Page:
TL ; DR, there is virtually zero chance that this would ever happen for people who dont already have powerwalls. It makes a lot of sense for tesla to enable this (eventually) for people who DO have powerwalls, because they have the equipment to prevent injury to linepeople working on the lines, and it also makes business sense.

it makes no business sense for tesla to do otherwise, but it doesnt stop people from saying "I expect to use my car like a rolling powerwall". I just dont see it happening for people who havent already purchased powerwalls, with the accompanying permits, equipment etc in place.
 

tander

Active Member
Jul 23, 2012
1,508
1,499
Personal opinion (which I have stated here on quite a few occasions)

There is ZERO chance that tesla will ever enable something like this for people who do not already have the infrastructure in place to safely automatically switch to a microgrid state ( read tesla's gateway, that gets installed when you purchase a powerwall).

There are a number of reasons why I believe this to be the case:

1. Its not safe for people to run their homes off their cars without some sort of automatic disconnect from the grid, because while work is going on by linemen / linewomen on the lines, someone WOULD forget to turn off the main breaker, and thus risk electrocuting people who are working on the lines who expect the lines to be de energized. It would happen, 100%, unless there was something to automatically disconnect.

2. People with free unlimited supercharging would expect to drive their car to a supercharger, go back home and run their home off that energy on a daily basis. It WOULD happen. The lines of model S and X owners lining up for their "free unlimited supercharging" tell you that its not a income thing for people wanting "free electricity".

3. People would do point 2 above, then, when they put an additional 5 years of usage on their car batteries (which I believe have slightly different makeup for stationary storage vs propulsion), would expect to exercise their battery warranties. Either tesla would have to do it, or claim "abuse" and all the bad press that would generate.

4. There is no business reason for tesla to enable this for anyone who doesnt have powerwalls already, because those people will already have all the permits, equipment and stuff to run in a microgrid state.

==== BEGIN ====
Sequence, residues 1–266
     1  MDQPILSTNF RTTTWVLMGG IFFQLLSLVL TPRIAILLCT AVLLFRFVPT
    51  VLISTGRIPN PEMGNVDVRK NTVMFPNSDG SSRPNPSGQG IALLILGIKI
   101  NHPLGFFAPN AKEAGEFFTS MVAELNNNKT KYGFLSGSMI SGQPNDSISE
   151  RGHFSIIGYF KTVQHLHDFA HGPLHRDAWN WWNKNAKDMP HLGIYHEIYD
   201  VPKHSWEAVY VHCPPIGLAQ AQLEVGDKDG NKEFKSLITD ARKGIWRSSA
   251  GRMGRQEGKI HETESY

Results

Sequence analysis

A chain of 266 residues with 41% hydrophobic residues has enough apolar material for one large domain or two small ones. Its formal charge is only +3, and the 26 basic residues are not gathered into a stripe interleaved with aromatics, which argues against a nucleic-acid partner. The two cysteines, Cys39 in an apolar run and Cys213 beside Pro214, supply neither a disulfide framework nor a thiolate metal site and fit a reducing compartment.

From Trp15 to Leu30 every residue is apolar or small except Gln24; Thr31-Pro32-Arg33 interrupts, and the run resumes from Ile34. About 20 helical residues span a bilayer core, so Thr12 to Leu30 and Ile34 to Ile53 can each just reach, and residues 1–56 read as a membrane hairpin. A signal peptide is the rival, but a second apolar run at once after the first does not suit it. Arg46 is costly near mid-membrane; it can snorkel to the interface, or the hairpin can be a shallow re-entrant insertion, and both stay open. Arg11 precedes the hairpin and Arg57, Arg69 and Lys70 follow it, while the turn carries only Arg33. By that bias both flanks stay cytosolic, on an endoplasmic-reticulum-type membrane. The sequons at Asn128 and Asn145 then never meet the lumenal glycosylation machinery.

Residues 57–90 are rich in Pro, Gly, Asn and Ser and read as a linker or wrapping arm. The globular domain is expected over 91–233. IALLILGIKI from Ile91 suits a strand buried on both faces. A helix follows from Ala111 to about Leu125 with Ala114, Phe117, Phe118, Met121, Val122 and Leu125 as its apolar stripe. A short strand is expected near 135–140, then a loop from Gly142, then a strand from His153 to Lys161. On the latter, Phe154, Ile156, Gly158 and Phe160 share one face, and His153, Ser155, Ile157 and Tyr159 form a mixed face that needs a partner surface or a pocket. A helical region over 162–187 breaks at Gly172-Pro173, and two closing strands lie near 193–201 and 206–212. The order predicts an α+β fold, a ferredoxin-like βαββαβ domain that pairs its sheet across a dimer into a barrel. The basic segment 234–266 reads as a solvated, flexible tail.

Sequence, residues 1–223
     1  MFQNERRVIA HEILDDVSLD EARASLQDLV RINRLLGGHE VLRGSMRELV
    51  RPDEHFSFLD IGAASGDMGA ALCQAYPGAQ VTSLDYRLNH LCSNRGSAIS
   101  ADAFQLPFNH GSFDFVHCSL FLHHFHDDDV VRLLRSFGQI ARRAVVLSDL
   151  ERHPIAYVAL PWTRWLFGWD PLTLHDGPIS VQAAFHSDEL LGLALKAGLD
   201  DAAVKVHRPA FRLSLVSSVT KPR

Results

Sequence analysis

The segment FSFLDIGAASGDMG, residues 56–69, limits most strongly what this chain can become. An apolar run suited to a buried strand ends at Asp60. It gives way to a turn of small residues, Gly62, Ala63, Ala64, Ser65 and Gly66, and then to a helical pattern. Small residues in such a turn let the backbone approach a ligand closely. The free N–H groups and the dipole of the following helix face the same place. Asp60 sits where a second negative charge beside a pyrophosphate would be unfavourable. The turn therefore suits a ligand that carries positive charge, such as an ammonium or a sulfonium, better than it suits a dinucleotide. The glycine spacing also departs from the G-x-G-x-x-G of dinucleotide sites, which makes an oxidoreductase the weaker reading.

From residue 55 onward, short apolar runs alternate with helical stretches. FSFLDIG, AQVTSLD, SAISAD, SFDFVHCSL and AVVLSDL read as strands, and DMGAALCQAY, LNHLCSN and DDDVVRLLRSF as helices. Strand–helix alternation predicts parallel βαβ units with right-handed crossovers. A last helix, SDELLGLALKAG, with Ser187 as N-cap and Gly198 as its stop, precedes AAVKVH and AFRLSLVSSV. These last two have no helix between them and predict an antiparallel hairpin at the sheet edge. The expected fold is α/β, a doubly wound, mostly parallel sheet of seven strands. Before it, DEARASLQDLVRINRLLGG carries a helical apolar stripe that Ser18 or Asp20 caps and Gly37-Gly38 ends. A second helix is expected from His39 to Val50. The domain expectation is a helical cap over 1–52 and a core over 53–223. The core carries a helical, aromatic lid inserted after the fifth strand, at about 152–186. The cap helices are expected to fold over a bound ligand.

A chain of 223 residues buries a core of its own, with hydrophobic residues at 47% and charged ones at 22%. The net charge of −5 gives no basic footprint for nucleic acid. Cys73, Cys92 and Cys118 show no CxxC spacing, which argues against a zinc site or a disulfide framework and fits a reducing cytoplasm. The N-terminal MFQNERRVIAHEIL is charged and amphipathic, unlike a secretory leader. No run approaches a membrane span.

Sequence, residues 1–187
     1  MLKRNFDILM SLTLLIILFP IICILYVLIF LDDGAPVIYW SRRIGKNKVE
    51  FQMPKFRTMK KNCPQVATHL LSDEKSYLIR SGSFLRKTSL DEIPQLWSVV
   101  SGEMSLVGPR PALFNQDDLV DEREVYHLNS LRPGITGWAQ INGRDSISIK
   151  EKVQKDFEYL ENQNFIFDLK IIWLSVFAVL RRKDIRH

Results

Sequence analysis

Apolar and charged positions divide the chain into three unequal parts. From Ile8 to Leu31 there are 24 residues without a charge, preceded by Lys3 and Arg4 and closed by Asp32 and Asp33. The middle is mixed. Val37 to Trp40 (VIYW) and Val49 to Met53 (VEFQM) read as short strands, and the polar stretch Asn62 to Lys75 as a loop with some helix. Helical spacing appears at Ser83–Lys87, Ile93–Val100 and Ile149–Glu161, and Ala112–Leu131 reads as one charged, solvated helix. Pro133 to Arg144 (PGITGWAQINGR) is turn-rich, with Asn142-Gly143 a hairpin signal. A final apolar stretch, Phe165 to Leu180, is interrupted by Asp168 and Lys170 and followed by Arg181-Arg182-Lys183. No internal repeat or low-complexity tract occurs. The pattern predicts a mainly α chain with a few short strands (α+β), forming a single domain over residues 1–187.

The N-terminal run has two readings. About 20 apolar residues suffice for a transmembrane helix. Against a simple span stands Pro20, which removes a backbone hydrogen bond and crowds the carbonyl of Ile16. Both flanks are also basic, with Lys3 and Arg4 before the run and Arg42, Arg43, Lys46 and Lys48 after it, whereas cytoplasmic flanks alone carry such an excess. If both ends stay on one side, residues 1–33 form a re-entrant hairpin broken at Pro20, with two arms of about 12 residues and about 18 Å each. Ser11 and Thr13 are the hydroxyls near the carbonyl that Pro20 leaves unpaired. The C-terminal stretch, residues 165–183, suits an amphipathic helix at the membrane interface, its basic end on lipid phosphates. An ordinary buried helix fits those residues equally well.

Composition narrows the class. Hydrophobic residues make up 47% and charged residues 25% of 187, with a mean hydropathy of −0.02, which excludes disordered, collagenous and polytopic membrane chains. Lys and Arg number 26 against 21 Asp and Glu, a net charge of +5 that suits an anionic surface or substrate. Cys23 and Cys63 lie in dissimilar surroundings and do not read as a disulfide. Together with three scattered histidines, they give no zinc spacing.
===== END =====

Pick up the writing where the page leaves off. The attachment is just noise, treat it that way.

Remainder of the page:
TL ; DR, there is virtually zero chance that this would ever happen for people who dont already have powerwalls. It makes a lot of sense for tesla to enable this (eventually) for people who DO have powerwalls, because they have the equipment to prevent injury to linepeople working on the lines, and it also makes business sense.

it makes no business sense for tesla to do otherwise, but it doesnt stop people from saying "I expect to use my car like a rolling powerwall". I just dont see it happening for people who havent already purchased powerwalls, with the accompanying permits, equipment etc in place.
All good points but imo it seems like like would be pretty easy for Tesla to software allow it for any car that is in a county that has a declared emergency or extreme weather or something like that. Also I wasn't talking about running an entire home from it, I just want to be able to basically run an extension cord from a Tesla to my Grandma's gas furnace fan which I don't think would pose a threat to any electrical workers. We're still looking at the details but as I understand it draws a maximum of 800w, so that would provide several days of full heat or many days of partial heating (enough to keep pipes and Grandma's from freezing) of a single charge. The biggest hindrance I see is if you allow that then Powerwalls seem a lot less attractive to people who could basically get the same thing with a car.
 

Twiglett

Single pedal driver
Oct 3, 2014
2,737
2,663
Austin
Can't see any way that not providing this could be described as "negligent".
Its too easy to look at something, not understand it, then erroneously extrapolate features to get to an inaccurate conclusion.
The hypothesis is that Tesla doesn't provide it because they want to sell Powerwalls - maybe, just maybe they don't provide it because there is no way for them to safely do it with currently delivered hardware.
V2G systems all rely on a whole set of house and vehicle systems to be in place and working together.
Not sure what software update could add the needed hardware to do this, or is there a suggestion that maybe all Teslas have a hidden 120v outlet installed that's just waiting to be enabled by OTA update. o_O